Tuesday, November 09, 2010



You may remember way back in May, four Democratic senators called on the Obama administration to halt spending on a renewable energy program in the economic stimulus package until rules were in place to assure that the projects use predominantly American labor and materials.

They were made aware that 1.5 billion of the stimulus package, slated for wind-energy projects had gone to foreign companies. Their reason? It undercut the whole purpose of the stimulus program.

The senators introduced legislation that would require that stimulus funds go only to clean-energy projects that rely on materials manufactured in the United States and create a majority of jobs here.

Fast forward to today. The stimulus package, like it or not, was passed. Some say too much, others, not enough. But the question comes to mind almost every holiday season, what are we doing to help our own economy? Do our actions have an impact on the job situation here in America? I say YES, they do.

We are so programed to buy the cheapest crap available to satiate our shallow means regardless of where it came from and who slaved over the manufacturing process. Like the recent expose' on how our iPhones are made. Sad really.

I harp on this issue annually. Pointing out that the big box stores are not America's friends. When 98% of what's inside is from overseas with toxic materials and government subsidized tariffs we do an injustice to ourselves, our workers and our national pride.

This shopping season remember these simple points I found on another site, if you want to help the job situation:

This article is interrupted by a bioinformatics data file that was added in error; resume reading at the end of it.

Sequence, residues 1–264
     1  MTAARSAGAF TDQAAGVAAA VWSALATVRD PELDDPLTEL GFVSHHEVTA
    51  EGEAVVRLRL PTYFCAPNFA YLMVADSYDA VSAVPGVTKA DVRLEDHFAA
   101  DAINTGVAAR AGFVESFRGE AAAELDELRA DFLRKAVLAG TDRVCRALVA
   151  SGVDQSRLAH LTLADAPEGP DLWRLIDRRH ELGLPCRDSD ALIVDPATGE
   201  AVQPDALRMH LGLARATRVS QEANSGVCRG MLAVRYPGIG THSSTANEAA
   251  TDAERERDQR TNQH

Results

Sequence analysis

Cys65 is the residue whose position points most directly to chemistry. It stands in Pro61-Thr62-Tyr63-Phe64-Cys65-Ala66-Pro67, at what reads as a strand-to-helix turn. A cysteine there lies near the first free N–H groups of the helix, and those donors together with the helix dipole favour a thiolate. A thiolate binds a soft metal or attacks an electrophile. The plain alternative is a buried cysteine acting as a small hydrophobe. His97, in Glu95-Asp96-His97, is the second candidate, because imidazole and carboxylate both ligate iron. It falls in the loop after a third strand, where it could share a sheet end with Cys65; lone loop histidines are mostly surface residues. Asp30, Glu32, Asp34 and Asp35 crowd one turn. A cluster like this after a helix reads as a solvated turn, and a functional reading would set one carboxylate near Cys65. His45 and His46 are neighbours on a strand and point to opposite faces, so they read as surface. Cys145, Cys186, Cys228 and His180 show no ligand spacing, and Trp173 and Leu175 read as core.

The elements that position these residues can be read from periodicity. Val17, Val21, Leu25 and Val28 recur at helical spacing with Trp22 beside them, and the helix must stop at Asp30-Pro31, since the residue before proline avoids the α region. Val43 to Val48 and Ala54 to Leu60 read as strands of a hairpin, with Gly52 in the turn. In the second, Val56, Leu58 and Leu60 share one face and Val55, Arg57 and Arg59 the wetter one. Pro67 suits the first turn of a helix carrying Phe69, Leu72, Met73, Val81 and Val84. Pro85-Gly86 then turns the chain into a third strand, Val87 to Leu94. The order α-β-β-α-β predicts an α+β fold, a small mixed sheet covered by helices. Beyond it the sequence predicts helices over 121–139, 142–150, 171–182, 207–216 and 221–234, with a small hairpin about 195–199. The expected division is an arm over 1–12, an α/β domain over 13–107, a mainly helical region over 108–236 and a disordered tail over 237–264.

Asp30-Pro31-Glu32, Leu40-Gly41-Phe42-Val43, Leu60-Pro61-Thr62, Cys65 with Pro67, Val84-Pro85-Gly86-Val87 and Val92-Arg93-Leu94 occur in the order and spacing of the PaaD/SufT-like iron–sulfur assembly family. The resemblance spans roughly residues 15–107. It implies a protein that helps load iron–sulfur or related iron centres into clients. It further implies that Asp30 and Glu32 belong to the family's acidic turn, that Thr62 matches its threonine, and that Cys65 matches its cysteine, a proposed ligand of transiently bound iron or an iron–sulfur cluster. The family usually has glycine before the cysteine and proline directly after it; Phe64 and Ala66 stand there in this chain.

1. Purchase locally. Buy from a store in your neighborhood or downtown. You will know the owner or manager. Easy enough to ask. Most will be glad to help. 

The products you need may not be 100% made in the states, and these days, few are. But America's promotion of Free Trade has worked too well. American made products are often higher in cost because our companies carry an unfair burden of taxes compared to many other nations. Still, the store is American. At the very least buy your foreign products from an American business.

2. Buy from Americans in your state. States have carried heavy losses in losing business to "free trade". When a national business moves, the offices and plant are often spread around several areas. Pockets of unemployment are left behind. Jobs are needed. 

States have major businesses still hard at work. One is agricultural. Farmers and ranchers do not move easily. Produce or meat is American-made. The local grocery will have the products. 

3. Buy national.  Shopping around may be necessary to find what is "Made in the U.S.A." Unfortunately national products may be expensive. Do what some cities are doing and exercise a preference. Buy American unless it is a certain percentage over the foreign product. Buy American but do not collapse your pocketbook. 

4. Use the Internet. Search for American products and services. A simple search will produce many pages. Search for "Made in the U.S.A." 

I only visit this issue once a year because it's painful to repeat. I've taken trips to the big stores to read labels and have come home depressed that 5% [at the most] was "Made in USA". 
Walmart, Target, BedBath&Beyond and others offer little choice in American made merchandise. 

If you want to know what you can do to help...read the labels and think about what you're buying. You have only to look at yourself and what's on the shelf to understand where the jobs went.


Anonymous said...

I set out to find American made tools at Home Depot. Not an easy task.
I thought Cobalt tools were US Made. I was wrong. We cant even make wrenches? WTF?

Anonymous said...

Try finding a Kingston resident contractor who gets Kingston construction contracts - no boat no contract.

Anonymous said...

I have a hard time finding American Flags made in America to sell in my store. And the ones I can find, people won't buy because they are too expensive.